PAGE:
"We walked for peace, to proclaim the possibility of peace in that fought-over land."
Two years ago Canon Sarah Hills, Vicar of the Holy Island of Lindisfarne, spent part of Holy Week and Easter on a peace walk – a pilgrimage – in Northern Iraq.
About 20 people mainly from Europe walked with local Christians, Muslims and Yazidis.
“A quarter of people living in Northern Iraq live in refugee camps, people internally displaced from their own country due to attacks. Many refugees and aliens in their own land,” says Sarah. “We walked for peace, to proclaim the possibility of peace in that fought over land.”
On Good Friday they visited a village about 30km from Mosul – a village that had been destroyed, the villagers having all fled – or worse. “It was a place of destruction, completely devoid of life. Houses were rubble, shops damaged, and the church though still standing had been desecrated, the altar broken and lying in rubble. We could hear Mosul being shelled.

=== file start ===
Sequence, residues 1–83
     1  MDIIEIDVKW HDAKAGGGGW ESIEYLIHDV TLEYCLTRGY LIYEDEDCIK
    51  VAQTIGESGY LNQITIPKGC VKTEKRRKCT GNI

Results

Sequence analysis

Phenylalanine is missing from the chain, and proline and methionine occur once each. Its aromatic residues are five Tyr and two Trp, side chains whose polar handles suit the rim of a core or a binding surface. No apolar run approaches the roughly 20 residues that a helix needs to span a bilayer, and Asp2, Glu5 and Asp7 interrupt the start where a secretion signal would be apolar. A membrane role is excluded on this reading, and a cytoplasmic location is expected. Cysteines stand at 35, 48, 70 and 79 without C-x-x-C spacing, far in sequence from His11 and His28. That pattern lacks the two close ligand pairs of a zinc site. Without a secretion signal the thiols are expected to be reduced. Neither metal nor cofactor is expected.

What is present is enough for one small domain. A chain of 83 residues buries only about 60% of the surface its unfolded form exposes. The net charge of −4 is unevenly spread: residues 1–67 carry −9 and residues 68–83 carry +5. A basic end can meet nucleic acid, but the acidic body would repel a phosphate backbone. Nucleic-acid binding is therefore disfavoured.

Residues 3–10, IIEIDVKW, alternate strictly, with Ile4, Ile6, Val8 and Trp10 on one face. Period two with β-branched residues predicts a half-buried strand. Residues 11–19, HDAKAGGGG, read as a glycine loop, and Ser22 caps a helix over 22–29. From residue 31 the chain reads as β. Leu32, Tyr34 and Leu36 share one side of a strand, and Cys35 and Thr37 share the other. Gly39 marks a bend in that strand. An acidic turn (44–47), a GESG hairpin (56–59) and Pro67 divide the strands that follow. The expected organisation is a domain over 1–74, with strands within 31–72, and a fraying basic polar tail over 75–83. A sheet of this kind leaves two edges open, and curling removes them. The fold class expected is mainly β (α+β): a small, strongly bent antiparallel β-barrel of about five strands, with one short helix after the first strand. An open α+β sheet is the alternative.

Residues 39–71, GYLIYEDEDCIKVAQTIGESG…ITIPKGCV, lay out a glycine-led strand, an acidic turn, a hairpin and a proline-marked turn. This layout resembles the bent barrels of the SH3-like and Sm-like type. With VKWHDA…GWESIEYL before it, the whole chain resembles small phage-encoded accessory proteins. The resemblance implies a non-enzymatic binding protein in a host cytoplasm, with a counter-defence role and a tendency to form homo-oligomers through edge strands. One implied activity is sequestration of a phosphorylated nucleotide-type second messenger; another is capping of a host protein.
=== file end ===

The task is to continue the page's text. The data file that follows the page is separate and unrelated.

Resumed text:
"So I held a Good Friday service in the desecrated church. We laid candles that we had brought with us in the shape of a cross in front of the destroyed altar and prayed the prayers of Good Friday, the pain and lament for Jesus, and for healing, for the end to that conflict, for peace.”
Bringing Good Friday hope to a shattered church
On Easter Day they returned. But this time, the bleakness in the Church was transformed. “The same rubble was there, the same bullet holes in the walls, the same broken crosses and hacked memorials. But there were people from the surrounding villages, flowers on the altar, children dressed in white, and a packed church there to proclaim the hope of the resurrection, the hope of peace and the possibility of rebuilding.”
Soldiers of the local Peshmerga came to receive their Easter communion. There were even painted eggs and chocolate after the service. “People were rather surprised to see a female priest,” says Sarah. “I don’t think I have been asked to bless as many babies!”
The foundation of a rebuilt community was born that day. A space in between for remembering and for reconciliation.”